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  • Treatment Options Following Failed Gamma Knife Radiosurgery in Trigeminal Neuralgia: Long Term Outcome with Repeat Radiosurgery vs. Microvascular Decompression

    Final Number:

    Devi Prasad Patra MD, M.CH, MRCS; Amey Savardekar MD; Shyamal C Bir MD PhD; Anil Nanda MD FACS

    Study Design:
    Clinical Trial

    Subject Category:

    Meeting: Congress of Neurological Surgeons 2017 Annual Meeting

    Introduction: Primary treatment of trigeminal neuralgia with gamma knife radiosurgery (GKRS) is an accepted and effective modality, but is associated with a significant failure rate. Many of the patients ultimately require additional treatment for adequate pain relief. The present paper discusses the long term outcome of this group of patients who are treated with either repeat GKRS or microvascular decompression (MVD) as a secondary procedure.

    Methods: Using the retrospective database, the clinical data was analyzed of the patients who underwent GKRS at our institute between January 2000 and June 2016. The initial GKRS plan included median prescription dose of 80 Gy at a single iso-center using 4mm collimator. The patients who did not improve after initial therapy and maximal medication dosage were offered either repeat radiosurgery or MVD. Repeat radiosurgery included a similar plan but a reduced median prescription dose of 40 Gy. Long term pain relief was measured using Marseille’s score. Multiple factors including demographic factors, the type of pain, post GKRS facial numbness, treatment interval were analyzed to predict association with the final outcome.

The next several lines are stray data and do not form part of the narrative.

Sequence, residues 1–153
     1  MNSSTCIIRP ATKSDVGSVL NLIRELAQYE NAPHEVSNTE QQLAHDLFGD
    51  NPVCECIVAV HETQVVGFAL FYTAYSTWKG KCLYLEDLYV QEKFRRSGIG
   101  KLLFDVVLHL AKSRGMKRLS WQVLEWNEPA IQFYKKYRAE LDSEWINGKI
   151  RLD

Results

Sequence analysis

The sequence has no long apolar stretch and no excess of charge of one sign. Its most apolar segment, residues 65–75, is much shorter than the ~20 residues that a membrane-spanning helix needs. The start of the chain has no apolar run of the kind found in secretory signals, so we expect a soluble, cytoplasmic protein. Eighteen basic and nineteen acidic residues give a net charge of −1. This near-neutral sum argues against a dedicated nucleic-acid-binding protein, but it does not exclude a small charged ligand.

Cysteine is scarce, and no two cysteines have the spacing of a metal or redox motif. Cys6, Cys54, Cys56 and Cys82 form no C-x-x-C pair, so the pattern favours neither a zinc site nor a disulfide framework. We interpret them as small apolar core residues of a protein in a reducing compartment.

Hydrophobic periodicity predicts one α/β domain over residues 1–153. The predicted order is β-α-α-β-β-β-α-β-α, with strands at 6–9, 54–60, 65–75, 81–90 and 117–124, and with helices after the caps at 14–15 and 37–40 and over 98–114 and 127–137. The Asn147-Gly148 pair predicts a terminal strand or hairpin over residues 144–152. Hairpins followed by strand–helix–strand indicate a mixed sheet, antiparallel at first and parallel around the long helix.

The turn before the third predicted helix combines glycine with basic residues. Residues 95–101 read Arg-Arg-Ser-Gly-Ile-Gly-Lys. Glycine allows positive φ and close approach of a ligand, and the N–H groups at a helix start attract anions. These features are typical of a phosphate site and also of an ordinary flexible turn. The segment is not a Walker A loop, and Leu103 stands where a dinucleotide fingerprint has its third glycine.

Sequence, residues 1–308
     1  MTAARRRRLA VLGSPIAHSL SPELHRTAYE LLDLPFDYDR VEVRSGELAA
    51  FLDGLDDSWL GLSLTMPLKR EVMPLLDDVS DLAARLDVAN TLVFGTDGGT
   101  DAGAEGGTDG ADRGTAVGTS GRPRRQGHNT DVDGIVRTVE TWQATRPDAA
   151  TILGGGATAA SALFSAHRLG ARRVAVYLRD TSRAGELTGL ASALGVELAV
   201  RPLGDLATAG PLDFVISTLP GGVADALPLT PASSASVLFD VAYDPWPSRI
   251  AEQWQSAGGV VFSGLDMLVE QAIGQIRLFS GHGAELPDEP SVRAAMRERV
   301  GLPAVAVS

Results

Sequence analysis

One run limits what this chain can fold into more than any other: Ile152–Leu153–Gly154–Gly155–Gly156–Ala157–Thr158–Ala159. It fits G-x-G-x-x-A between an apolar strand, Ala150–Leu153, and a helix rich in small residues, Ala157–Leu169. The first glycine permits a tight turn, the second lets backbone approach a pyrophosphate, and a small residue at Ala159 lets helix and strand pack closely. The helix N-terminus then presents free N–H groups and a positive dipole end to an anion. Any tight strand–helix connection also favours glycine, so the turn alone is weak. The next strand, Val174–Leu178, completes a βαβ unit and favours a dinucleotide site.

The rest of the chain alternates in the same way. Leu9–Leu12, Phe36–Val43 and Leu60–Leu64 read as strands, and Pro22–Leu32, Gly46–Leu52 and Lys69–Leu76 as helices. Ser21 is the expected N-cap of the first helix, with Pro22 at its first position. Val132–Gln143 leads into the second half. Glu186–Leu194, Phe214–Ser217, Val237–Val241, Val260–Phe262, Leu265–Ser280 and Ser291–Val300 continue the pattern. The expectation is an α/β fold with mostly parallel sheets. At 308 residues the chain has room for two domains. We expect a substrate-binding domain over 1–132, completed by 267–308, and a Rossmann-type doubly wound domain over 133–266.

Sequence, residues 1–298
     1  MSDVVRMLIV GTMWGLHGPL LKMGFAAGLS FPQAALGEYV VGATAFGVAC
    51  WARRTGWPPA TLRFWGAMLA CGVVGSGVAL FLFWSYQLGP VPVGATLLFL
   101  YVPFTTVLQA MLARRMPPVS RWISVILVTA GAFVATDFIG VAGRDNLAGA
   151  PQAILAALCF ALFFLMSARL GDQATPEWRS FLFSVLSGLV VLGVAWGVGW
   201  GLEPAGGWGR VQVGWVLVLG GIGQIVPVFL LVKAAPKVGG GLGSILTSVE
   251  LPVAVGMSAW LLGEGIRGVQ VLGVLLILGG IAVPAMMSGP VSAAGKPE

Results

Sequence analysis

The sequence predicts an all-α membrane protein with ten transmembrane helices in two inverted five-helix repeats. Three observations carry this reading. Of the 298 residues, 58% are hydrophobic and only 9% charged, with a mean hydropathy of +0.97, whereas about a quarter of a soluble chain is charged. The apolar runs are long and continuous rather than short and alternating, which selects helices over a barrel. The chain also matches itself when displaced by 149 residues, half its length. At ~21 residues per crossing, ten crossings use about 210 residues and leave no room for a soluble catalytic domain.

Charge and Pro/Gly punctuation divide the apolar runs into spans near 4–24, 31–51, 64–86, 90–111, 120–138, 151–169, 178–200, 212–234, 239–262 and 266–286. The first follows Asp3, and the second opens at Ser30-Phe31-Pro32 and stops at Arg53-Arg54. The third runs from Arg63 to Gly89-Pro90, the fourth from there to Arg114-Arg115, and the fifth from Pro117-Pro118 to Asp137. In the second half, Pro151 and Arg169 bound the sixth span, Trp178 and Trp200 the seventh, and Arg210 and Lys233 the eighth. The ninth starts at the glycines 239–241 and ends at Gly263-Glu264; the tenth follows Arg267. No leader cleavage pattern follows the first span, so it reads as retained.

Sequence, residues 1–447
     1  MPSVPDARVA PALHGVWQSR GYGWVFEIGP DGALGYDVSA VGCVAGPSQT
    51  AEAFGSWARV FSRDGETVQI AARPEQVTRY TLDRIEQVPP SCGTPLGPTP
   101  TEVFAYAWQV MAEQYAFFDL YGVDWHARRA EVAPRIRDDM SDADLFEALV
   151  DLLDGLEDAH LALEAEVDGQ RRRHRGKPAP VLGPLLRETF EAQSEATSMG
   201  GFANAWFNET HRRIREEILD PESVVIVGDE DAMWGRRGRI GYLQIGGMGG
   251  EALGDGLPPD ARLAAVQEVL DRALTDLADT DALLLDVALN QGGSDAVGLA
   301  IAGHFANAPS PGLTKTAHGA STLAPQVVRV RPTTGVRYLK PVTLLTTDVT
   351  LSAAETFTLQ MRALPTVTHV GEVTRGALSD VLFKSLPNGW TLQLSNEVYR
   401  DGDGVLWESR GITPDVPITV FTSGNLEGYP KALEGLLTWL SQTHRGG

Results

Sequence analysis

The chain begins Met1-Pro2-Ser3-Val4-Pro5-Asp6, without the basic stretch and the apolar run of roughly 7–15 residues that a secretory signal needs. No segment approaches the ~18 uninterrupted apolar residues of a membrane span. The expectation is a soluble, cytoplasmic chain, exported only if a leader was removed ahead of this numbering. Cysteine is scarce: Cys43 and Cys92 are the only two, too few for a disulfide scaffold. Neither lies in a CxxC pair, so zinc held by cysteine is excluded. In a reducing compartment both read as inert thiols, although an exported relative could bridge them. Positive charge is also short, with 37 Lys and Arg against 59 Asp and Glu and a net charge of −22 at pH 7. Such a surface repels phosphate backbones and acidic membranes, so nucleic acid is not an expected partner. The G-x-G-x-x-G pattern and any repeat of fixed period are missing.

Results: In the study preriod, a total of 198 patients underwent GKRS for trigeminal neuralgias. Among these patients 42 (21.2%) patients had treatment failure and required additional treatment. The median interval of subsequent interventions was 16 months (range 2months to 154 months). Six patients (14.2%) required repeat treatment after 5 years of initial treatment. Out of 42 failed GKRS patients, 15 (35.7%) underwent repeat radiosurgery and 27 (64.3%) underwent MVD. The mean follow up duration was 4.3 years. Overall, 34 patients (81 %) improved and had adequate pain relief (Marseille’s score III or better) after the second procedure. The rate of adequate pain relief after repeat GKRS and microvascular decompression were 86.6% and 77.7% respectively (p=0.68). Univariate analysis failed to reveal any significant predictor for pain relief after second treatment.

    Conclusions: Repeat GKRS and MVD both are valid treatment options after failed initial radiosurgery, with no difference in long term outcome. Unless specifically indicated, repeat GKRS being noninvasive, may be considered over microvascular decompression.

    Patient Care: It will help the physician choose between the different treatment options following a failed gamma knife radiosurgery for trigeminal neuralgia. It will also help the patient to understand the overall outcome after different re-treatment options.

    Learning Objectives: By conclusion of this session, participants should be able to 1) Discuss the different treatment option after failed GKRS in trigeminal neuralgia 2) Discuss the difference in outcome after retreatment with either repeat GKRS or MVD 3) Disucss the predicitive factors affecting long term pain relief following failed GKRS


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